Notetaking For Observation And Participant Observation Part 4 by Beverly Peters

Beverly Peters
Beverly Peters

Hello again! I am Beverly Peters, a faculty member in Measurement and Evaluation at American University. This is the final article in a 4 part series on Using Observation and Participant Observation for Monitoring and Evaluation. In the previous article of this series, we discussed what to observe when engaging in observation and participant observation. This article will provide a guide for notetaking when using these tools.

As I engage in observation or participant observation, I prefer to take notes on data that is relevant or interesting to my evaluation during my actual research. Throughout this process, I make sure that I am consulting my logic model or evaluation statement of work, to remind myself what role observation and participant observation are meant to play in my overall effort. I keep myself open to new data or observations that might be relevant, yet not planned or expected. I remember the advice of Spradley and Merriam and Tisdell on the attributes that researchers could potentially observe.

The bulk of my notes includes text. This is where I write what I observe. These notes are as detailed as I can make them. My notes might also include interview quotes or summaries, if I have key informant interviews or conversations as part of my participant observation activities. I always make sure to reference my respondent, if conducting interviews as a part of participant observation, so that I can follow up with a formal interview if needed.

I find drawing maps to be particularly useful. For me, this helps to see the relationship between different entities, and how project stakeholders divide space. I might also draw diagrams to help me think through different relationships.  If appropriate, I take pictures or a video recording, or task a second evaluator to do this.

When I leave the project, I like to revisit my notes as soon as possible thereafter, to see if I missed anything or if I need to add more information, while it is still fresh in my mind. I also point out areas where I have questions so that I can follow up at a later date.

Sometimes it is not possible to take notes while you are conducting observation and participant observation. In these cases, I always find a quiet place after my research to write down as much as I can remember. Sometimes pictures or videos can help to remind me of important observations that I may have forgotten.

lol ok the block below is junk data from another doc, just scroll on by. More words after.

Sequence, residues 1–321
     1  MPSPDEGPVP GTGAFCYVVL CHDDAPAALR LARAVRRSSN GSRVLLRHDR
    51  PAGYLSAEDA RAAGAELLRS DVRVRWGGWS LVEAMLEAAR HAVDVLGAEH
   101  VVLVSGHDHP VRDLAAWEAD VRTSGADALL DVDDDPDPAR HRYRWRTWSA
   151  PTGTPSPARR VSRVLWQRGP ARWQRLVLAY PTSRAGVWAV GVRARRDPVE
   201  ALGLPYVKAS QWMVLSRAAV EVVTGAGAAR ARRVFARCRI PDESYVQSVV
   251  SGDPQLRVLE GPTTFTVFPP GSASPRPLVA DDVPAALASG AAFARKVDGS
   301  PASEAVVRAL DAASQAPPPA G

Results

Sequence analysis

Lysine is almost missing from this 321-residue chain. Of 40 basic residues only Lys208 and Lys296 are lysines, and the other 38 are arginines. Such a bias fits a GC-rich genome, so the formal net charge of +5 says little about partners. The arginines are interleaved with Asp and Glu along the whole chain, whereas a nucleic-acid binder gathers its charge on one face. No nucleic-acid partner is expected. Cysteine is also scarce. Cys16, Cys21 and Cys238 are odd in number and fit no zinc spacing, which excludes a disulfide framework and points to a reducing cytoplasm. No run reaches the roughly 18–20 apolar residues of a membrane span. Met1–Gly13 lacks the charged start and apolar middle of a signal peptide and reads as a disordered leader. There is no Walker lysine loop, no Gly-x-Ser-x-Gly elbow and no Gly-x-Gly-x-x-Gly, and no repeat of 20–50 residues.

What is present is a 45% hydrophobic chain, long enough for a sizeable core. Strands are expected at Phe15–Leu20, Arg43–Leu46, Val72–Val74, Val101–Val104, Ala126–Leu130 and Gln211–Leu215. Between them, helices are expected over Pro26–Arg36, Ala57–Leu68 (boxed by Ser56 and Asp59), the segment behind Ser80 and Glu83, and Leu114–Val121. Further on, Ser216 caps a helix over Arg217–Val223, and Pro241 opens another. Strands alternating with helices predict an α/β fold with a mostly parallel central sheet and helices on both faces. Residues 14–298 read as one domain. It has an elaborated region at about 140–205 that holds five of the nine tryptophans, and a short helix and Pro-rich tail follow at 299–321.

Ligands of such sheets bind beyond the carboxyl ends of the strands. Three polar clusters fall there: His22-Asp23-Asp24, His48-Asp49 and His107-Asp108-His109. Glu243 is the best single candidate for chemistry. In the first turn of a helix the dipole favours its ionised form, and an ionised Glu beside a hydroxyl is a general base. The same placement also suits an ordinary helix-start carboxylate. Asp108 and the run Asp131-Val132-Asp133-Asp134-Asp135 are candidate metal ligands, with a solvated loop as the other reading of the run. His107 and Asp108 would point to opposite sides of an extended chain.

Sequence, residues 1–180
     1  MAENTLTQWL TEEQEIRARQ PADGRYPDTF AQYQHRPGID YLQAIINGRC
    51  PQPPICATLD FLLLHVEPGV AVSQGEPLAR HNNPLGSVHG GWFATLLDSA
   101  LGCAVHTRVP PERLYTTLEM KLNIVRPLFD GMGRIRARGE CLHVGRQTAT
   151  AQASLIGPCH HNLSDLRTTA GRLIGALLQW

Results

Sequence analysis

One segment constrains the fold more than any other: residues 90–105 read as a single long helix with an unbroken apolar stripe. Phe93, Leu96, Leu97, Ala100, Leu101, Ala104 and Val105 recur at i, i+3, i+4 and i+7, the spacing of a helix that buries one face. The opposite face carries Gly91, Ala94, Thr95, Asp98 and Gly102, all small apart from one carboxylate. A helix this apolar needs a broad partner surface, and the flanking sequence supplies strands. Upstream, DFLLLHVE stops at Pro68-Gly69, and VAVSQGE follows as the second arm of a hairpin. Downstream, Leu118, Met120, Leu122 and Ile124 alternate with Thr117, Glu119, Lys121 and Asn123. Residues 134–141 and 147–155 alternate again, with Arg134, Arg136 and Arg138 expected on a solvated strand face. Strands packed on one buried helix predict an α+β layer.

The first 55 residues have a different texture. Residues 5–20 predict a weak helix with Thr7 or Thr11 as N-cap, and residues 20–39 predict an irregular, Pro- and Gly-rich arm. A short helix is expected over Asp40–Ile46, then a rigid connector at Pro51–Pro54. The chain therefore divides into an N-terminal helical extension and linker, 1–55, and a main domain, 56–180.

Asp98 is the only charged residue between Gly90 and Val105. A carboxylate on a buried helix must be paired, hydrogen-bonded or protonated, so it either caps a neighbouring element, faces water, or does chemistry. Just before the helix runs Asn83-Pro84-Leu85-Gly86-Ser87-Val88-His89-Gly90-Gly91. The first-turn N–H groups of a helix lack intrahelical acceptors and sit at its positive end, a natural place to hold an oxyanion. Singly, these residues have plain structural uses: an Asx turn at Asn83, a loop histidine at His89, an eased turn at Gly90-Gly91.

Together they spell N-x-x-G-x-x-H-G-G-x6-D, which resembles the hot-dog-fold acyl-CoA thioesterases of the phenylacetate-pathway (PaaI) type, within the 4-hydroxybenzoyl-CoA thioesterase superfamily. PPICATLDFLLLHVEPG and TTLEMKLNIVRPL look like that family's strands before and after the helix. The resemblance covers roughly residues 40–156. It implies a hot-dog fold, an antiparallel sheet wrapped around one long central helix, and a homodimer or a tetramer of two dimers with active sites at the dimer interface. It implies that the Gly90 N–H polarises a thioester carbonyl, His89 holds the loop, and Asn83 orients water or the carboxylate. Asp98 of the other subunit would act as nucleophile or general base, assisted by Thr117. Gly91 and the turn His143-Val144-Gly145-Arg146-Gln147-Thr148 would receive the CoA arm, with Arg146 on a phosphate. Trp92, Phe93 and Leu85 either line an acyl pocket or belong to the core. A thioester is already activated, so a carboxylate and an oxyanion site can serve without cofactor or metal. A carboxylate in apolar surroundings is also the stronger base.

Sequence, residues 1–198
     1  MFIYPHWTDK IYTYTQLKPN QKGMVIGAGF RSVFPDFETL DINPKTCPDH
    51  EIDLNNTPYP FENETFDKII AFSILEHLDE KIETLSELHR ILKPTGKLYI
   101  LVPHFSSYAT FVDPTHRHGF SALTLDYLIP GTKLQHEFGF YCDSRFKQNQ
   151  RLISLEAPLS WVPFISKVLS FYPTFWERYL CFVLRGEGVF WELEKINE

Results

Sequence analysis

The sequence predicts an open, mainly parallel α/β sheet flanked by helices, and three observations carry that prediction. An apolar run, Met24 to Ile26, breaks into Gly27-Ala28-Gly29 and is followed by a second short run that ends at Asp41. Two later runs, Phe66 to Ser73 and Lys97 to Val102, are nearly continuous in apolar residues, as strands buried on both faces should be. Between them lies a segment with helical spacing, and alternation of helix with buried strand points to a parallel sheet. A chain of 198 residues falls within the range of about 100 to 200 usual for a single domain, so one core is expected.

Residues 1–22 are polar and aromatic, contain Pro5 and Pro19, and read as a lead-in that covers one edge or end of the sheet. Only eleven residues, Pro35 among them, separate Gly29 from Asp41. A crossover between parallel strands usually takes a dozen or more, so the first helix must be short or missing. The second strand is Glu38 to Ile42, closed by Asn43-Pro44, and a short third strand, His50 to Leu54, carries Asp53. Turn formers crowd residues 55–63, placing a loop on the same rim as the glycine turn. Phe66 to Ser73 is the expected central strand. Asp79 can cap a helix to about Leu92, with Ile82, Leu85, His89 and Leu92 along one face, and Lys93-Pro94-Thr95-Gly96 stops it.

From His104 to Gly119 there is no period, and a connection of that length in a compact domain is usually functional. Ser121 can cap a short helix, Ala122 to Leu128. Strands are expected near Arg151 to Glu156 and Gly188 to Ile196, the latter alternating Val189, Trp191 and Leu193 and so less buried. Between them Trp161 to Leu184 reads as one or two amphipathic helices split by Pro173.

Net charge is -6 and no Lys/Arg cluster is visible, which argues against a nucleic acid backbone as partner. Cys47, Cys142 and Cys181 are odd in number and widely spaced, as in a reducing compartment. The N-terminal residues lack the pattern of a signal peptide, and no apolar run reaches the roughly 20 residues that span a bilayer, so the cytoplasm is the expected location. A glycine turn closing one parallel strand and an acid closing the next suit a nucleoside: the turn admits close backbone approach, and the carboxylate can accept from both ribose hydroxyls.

Then, I usually step back for a day or two to mull over my thoughts. A couple of days after my research, I return to my notes and add in analyses or areas where I need to conduct more research to clarify my data. Only after I have several days of observation and participant observation, or other research such as interviews, do I start to analyze it. I approach the analysis of observation and participant observation the same way I approach the analysis of qualitative interview data: becoming familiar with the data, looking for themes and concepts, defining and coding these for comparison, looking for consistencies and inconsistences in the data, and then searching for puzzles while always asking WHY.

In my monitoring and evaluation work, I have found observation and participant observation to be useful tools, especially as part of a well thought out evaluation plan that defines the kind of data I need to collect, yet leaves room for other observations or data to emerge from the research. In particular, participant observation has given me unparalleled insight into local needs and project performance, and helps me to develop more informed interview and focus group questions and surveys.

Rad Resources:

Throughout this series, I have cited a number of references, including:

  • Bernard, H.R. (2018). Research Methods in Anthropology, (6th ed). New York: Rowman and Littlefield.
  • Merriam, S. and Tisdell, E. (2015). Qualitative Research: A Guide to Design and Implementation, (4th ed).San Francisco: Wiley.
  • Spradley, J. (2016). Participant Observation, (reprint edition). Long Grove: Waveland Press.
  • Tracy, S. (2019). Qualitative Research Methods: Collecting Evidence, Crafting Analysis, Communicating Impact, (2nd ed). San Francisco: Wiley.

Do you have questions, concerns, kudos, or content to extend this aea365 contribution? Please add them in the comments section for this post on the aea365 webpage so that we may enrich our community of practice. Would you like to submit an aea365 Tip? Please send a note of interest to aea365@eval.org. aea365 is sponsored by the American Evaluation Association and provides a Tip-a-Day by and for evaluators.

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